Feds tout management agenda success
- By Jason Miller
- Aug 09, 2004
In the three years since e-government rose to the top of the President's Management Agenda, more agency IT systems are secure, have their performance validated by metrics and are meeting at least 90 percent of cost and schedule goals, the administration said today.
In its report to federal employees, The Federal Government is Results-Oriented, Office of Management and Budget officials said agencies are using IT to improve programs and not using technology for technology's sake anymore.
The report highlights the administration's successes across all five areas of the PMA over the last three years.
OMB is tracking 27 agencies' efforts to meet Bush administration management goals on human capital, competitive sourcing, financial management, e-government and budget and performance integration.
Each quarter for the last three years, OMB has graded agencies on their efforts to meet criteria in each of the areas using a stoplight system.
"The federal government is results-oriented, with the help of new disciplines and habits departments and agencies are adopting through the PMA," the report said. "The focus on results is not new, but what is new is a greater expectation than ever before that managers, line employees, indeed entire agencies, will be held accountable for meeting the goals they set."
OMB said 70 percent of agency IT systems are secure versus 26 percent three years ago; 72 percent of agencies have mechanisms in place to validate performance on cost, schedule and performance goals; and about 50 percent of agencies meet at least 90 percent of their cost and schedule goals.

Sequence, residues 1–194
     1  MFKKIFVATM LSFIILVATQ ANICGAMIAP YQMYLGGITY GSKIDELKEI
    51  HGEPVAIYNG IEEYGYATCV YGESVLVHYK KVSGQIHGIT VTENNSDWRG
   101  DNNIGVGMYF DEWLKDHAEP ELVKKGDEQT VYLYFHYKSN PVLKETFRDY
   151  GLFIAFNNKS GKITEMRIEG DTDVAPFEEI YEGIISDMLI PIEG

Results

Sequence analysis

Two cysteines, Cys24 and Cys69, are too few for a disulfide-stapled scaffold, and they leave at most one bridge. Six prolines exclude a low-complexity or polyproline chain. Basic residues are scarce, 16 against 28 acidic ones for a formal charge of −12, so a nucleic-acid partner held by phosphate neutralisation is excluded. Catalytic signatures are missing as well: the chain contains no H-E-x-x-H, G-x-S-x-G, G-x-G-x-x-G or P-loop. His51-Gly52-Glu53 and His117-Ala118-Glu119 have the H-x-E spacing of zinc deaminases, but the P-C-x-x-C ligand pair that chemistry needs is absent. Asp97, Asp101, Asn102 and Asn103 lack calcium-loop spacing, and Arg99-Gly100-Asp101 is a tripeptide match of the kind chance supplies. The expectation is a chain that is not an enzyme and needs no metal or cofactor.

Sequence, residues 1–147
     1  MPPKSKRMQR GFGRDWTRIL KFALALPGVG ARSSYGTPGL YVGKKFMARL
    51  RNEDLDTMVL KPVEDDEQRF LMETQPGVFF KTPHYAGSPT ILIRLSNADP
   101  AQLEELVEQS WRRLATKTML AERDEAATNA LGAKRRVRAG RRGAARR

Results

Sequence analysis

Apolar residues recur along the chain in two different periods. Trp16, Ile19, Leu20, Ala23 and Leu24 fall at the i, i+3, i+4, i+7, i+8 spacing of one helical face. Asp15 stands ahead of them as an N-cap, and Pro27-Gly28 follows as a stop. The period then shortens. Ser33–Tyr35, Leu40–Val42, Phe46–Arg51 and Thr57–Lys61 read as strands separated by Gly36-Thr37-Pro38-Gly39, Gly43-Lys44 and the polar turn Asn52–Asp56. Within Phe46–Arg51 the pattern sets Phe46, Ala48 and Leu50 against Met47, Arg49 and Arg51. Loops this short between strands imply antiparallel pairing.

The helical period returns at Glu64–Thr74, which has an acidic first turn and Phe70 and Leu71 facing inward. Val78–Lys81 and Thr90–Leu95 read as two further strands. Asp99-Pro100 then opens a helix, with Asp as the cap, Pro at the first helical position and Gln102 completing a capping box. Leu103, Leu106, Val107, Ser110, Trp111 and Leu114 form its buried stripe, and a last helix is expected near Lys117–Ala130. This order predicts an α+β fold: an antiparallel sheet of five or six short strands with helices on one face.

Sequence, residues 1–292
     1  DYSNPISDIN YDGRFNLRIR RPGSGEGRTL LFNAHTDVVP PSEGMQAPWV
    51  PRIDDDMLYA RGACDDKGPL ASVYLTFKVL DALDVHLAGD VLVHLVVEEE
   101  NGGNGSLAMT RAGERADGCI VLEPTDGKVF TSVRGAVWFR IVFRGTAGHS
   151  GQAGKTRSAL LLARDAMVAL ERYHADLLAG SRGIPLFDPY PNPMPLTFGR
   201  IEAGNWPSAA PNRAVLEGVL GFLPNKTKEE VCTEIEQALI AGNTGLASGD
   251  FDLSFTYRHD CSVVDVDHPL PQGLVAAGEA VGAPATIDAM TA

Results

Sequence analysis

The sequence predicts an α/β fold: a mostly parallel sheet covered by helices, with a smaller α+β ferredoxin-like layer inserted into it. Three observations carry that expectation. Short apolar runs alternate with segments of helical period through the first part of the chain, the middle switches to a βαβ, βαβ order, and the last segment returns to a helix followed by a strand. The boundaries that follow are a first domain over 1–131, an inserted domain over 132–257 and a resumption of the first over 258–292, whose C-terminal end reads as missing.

Only five agencies?the Smithsonian Institution and the departments of Agriculture, Housing and Urban Development, Interior and Veterans Affairs?did not accredit at least 50 percent of their systems as secure.
And only three agencies?HUD, Army Corps of Engineers and Smithsonian?did not have at least 50 percent of their IT business cases accepted by OMB.
In the competitive-sourcing category, agencies spent $87.6 million in fiscal 2003 on completing 662 competitions. OMB estimates this will save the government $1.1 billion over the next three to five years.
Nine agencies did not complete any competitive-sourcing studies, while Agriculture completed the most, 400.
"The PMA now is really the sum of department and agency results agendas," the report said. "Departments and agencies are producing greater results. They are working more productively. They are increasing their focus on desired outcomes using the tools first set forth in the PMA so they can provide better value for the American taxpayer."